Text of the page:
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   phreaker was greeted by an automated message asking for the employee's

   telephone extension--which also served as the password. Well, that was

   easy enough. The phreaker simply tried a series of numbers until he

   found one which actually worked.


   Occasionally, a PABX system didn't even have passwords. The managers

   of the PABX figured that keeping the phone number secret was good

   enough security. Sometimes phreakers made free calls out of PABXes

   simply by exploited security flaws in a particular model or brand of

   PABX. A series of specific key presses allowed the phreaker to get in

   without knowing a password, an employee's name, or even the name of

   the company for that matter.


   As a fashionable pastime on BBSes, phreaking began to surpass hacking.

   PI established a private phreaking section. For a while, it became

   almost old hat to call yourself a hacker. Phreaking was forging the

   path forward.


   Somewhere in this transition, the Phreakers Five sprung to life. A

   group of five hackers-turned-phreakers gathered in an exclusive group

   on PI. Tales of their late-night podding adventures leaked into the

   other areas of the BBS and made would-be phreakers green with



   First, the phreakers would scout out a telephone pod--the grey steel,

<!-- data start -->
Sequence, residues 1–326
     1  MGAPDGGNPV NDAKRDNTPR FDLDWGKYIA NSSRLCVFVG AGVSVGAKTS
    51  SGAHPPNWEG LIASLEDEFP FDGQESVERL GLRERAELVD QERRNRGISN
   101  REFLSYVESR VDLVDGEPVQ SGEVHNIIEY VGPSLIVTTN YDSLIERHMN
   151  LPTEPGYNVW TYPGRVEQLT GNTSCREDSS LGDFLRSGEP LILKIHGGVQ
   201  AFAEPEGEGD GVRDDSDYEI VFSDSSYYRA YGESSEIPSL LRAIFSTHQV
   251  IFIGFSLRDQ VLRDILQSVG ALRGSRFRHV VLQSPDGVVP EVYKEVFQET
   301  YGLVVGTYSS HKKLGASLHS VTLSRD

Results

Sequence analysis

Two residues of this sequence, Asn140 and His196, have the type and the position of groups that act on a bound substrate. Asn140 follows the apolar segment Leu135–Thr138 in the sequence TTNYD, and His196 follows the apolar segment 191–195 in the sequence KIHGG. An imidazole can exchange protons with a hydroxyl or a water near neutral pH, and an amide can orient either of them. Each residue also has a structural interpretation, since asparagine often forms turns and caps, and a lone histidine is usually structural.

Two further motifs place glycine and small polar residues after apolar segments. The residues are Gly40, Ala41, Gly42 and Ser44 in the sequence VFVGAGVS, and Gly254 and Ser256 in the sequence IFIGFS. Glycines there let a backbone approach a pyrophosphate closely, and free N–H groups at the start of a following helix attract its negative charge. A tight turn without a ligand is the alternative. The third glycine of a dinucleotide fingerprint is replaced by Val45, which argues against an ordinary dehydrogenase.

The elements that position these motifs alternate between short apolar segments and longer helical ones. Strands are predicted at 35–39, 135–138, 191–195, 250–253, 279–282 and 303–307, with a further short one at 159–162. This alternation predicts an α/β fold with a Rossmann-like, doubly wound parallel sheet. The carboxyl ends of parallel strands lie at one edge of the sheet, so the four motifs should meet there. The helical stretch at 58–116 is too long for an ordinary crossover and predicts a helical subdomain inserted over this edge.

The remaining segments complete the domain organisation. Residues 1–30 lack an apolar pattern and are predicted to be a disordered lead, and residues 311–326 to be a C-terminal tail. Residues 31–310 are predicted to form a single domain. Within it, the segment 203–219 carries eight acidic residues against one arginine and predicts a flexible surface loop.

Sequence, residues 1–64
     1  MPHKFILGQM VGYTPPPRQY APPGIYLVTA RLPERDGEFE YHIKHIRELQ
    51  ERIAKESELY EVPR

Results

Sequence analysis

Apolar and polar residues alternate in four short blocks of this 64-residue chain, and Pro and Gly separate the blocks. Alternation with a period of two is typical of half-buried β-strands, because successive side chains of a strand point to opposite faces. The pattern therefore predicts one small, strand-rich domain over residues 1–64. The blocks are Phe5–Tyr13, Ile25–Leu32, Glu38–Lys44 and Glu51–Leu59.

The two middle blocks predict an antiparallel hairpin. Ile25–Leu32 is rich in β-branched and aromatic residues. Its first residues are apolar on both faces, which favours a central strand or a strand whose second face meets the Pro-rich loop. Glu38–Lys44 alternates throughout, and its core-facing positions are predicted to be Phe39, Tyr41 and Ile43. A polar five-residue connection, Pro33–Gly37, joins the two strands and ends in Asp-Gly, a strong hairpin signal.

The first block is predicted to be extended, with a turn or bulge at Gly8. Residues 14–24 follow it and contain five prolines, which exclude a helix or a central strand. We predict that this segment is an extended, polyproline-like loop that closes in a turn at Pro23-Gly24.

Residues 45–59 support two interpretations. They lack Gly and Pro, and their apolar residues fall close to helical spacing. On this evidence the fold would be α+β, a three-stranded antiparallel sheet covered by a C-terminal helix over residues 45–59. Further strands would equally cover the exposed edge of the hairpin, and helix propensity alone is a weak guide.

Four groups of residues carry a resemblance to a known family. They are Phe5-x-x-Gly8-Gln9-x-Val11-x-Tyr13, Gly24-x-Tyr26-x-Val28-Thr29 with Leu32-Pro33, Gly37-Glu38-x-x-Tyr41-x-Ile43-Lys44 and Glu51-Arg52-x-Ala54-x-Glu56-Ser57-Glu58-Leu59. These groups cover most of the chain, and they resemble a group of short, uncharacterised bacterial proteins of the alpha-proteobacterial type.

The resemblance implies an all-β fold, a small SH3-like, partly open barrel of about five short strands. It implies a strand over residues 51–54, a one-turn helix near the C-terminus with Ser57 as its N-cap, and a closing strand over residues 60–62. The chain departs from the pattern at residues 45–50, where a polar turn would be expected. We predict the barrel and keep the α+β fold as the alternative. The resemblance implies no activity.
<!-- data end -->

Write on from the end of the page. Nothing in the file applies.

rounded box perched nondescriptly on most streets. Ideally, the chosen

   pod would be by a park or some other public area likely to be deserted

   at night. Pods directly in front of suburban houses were a bit

   risky--the house might contain a nosy little old lady with a penchant

   for calling the local police if anything looked suspicious. And what

   she would see, if she peered out from behind her lace curtains, was a

   small tornado of action.


   One of the five would leap from the van and open the pod with a key

   begged, borrowed or stolen from a Telecom technician. The keys seemed

   easy enough to obtain. The BBSes message boards were rife with gleeful

   tales of valuable Telecom equipment, such as 500 metres of cable or a

   pod key, procured off a visiting Telecom repairman either through

   legitimate means or in exchange for a six-pack of beer.


   The designated phreaker would poke inside the pod until he found

   someone else's phone line. He'd strip back the cable, whack on a pair

   of alligator clips and, if he wanted to make a voice call, run it to a

   linesman's handset also borrowed, bought or stolen from Telecom. If he

   wanted to call another computer instead of talking voice, he would

   need to extend the phone line back to the phreakers' car. This is

   where the 500 metres of Telecom cable came in handy. A long cable

   meant the car, containing five anxious, whispering young men and a

   veritable junkyard of equipment, would not have to sit next to the pod

   for hours on end. That sort of scene might look a little suspicious to

   a local resident out walking his or her dog late one night.


   The phreaker ran the cable down the street and, if possible, around

   the corner. He pulled it into the car and attached it to the waiting

   computer modem. At least one of the five was proficient enough with

   electronics hardware to have rigged up the computer and modem to the

   car battery. The Phreaker's Five could now call any computer without

   being traced or billed. The phone call charges would appear at the end

   of a local resident's phone bill. Telecom did not itemise residential

   telephone bills at the time. True, it was a major drama to zoom around